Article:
In First-Ever Challenge, CA Court of Appeals Upholds Library's Right to Provide Uncensored Internet Access
FOR IMMEDIATE RELEASE
SAN FRANCISCO--In a resounding victory for civil liberties, an appeals court here has held that a parent may not force a public library to censor the Internet access of its patrons in order to control her own child's use of the Internet, the American Civil Liberties Union announced today.
"The court's decision in this first-of-its-kind case is a true vindication for public libraries committed to preserving the First Amendment rights of their patrons," said ACLU of Northern California staff attorney Ann Brick, who helped argue the case for the library.
The issue of censoring library Internet access will soon be before the courts again when the ACLU files its challenge to the recently enacted federal Children's' Internet Protection Act.
The ACLU contends that the statute, which requires libraries that receive certain federal funds to install blocking software to censor Internet access, violates the First Amendment. That lawsuit is expected to be filed later this month.
In the California case, the parent, known only as "Kathleen R." in legal papers, sued the City of Livermore when her 12 year-old-son downloaded a number of explicit pictures at the Livermore library and then took the disk to the home of a relative, and printed the pictures.
The Alameda County Superior Court had twice dismissed the case, in which Kathleen R. first argued that the library's open-access policy constituted a "public nuisance," and then argued that the library has a constitutional obligation to censor Internet access. The appeals court's ruling, issued late yesterday, upheld the lower court's rulings dismissing the case.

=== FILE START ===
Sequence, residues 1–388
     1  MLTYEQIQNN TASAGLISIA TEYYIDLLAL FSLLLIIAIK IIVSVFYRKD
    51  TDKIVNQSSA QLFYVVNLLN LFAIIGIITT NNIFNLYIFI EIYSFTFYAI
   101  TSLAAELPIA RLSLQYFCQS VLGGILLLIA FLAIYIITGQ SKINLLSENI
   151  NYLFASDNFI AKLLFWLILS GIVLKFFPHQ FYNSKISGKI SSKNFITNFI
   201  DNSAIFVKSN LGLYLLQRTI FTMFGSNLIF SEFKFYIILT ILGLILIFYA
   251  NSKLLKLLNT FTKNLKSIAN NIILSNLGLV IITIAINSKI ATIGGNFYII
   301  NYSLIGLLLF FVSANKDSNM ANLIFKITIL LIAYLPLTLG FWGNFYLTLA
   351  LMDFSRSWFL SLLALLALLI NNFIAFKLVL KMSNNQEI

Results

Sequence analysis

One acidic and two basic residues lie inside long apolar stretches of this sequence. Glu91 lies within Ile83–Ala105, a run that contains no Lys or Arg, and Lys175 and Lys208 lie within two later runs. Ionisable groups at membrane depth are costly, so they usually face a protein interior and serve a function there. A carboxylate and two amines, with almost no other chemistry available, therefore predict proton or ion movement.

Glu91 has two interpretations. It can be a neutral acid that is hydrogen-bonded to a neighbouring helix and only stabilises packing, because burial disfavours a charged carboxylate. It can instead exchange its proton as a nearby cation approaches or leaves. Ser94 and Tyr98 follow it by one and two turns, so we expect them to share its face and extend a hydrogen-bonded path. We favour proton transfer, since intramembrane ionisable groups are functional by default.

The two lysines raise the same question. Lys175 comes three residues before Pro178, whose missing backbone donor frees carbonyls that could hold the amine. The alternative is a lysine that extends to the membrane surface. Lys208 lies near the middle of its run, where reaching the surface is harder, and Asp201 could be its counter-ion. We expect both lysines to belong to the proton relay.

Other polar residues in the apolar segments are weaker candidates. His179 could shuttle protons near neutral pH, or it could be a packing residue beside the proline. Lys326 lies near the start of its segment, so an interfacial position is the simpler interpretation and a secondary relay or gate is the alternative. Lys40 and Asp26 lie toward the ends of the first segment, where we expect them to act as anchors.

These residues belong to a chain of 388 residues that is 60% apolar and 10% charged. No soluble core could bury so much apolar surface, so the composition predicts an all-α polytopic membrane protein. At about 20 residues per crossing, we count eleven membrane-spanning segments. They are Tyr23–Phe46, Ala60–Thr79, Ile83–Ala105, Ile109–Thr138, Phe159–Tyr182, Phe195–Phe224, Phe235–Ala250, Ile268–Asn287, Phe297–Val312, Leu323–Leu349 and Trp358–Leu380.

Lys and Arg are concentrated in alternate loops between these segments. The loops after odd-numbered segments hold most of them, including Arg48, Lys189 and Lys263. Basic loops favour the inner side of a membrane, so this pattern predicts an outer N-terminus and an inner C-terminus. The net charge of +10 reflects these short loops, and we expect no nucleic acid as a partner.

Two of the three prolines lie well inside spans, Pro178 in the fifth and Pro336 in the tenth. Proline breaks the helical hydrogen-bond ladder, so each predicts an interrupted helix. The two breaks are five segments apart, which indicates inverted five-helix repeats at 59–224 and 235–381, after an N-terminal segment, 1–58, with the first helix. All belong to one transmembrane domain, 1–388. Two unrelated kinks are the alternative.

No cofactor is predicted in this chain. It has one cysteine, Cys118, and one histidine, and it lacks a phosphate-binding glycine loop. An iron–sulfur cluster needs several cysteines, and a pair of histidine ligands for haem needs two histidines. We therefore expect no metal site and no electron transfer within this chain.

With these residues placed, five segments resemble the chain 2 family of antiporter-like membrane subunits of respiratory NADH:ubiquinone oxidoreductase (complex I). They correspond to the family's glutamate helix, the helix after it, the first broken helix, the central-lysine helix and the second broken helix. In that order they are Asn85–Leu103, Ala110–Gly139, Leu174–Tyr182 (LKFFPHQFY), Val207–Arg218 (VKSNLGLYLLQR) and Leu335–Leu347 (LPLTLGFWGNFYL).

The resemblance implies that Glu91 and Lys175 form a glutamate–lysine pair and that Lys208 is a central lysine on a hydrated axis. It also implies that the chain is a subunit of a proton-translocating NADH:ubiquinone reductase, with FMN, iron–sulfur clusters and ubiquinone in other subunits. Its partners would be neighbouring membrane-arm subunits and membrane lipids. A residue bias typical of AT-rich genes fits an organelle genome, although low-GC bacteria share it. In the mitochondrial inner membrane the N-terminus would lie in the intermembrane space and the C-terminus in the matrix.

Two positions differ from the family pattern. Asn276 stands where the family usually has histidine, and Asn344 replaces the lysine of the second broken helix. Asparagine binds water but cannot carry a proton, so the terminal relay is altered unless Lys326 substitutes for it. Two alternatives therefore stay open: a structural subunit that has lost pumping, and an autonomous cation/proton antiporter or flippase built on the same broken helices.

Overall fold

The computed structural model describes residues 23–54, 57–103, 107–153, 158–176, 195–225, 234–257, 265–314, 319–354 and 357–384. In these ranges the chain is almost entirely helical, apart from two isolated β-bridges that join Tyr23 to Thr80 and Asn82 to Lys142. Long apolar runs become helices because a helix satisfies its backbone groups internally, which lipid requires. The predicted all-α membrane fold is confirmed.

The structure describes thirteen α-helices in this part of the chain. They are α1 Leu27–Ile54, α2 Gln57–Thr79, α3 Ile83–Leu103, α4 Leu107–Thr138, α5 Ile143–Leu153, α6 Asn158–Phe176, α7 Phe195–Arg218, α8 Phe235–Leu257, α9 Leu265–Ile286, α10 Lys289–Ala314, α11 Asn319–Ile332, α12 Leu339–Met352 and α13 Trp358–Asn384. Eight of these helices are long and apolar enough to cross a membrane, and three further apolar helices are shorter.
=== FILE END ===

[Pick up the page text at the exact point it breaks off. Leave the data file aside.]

"The court's opinion is unequivocal in ruling that libraries may not be required to blue-pencil content on the Internet, nor may they be required to take over the role of parents in monitoring the library use of minors," Brick said.
In 1998, in a related case, a federal appeals court in Virginia ruled that a library's policy of using blocking software to censor materials online "offends the guarantee of free speech." The ACLU represented Internet content providers in that case against the Loudoun County Library.
In voiding the library's blocking policy, the judge noted that the software, which claimed to "filter" out only obscene material, blocked sites including the San Francisco Chronicle as well as the web site of the Maryland affiliate of the American Association of University Women.
"Requiring the use of blocking software in public libraries creates, rather than solves, constitutional problems," said ACLU national staff attorney Ann Beeson, one of the attorneys filing the challenge to the federal blocking software law. "Libraries have never been in the business of policing what their customers read and they shouldn't start now."
The ACLU's Brick argued the case in the Court of Appeal and submitted a friend-of-the-court brief on behalf of the national ACLU, People for the American Way and the Freedom to Read Foundation, part of the American Library Association
The case is Kathleen R. v. City of Livermore, No. A086349; the opinion is online at http://www.courtinfo.ca.gov/opinions/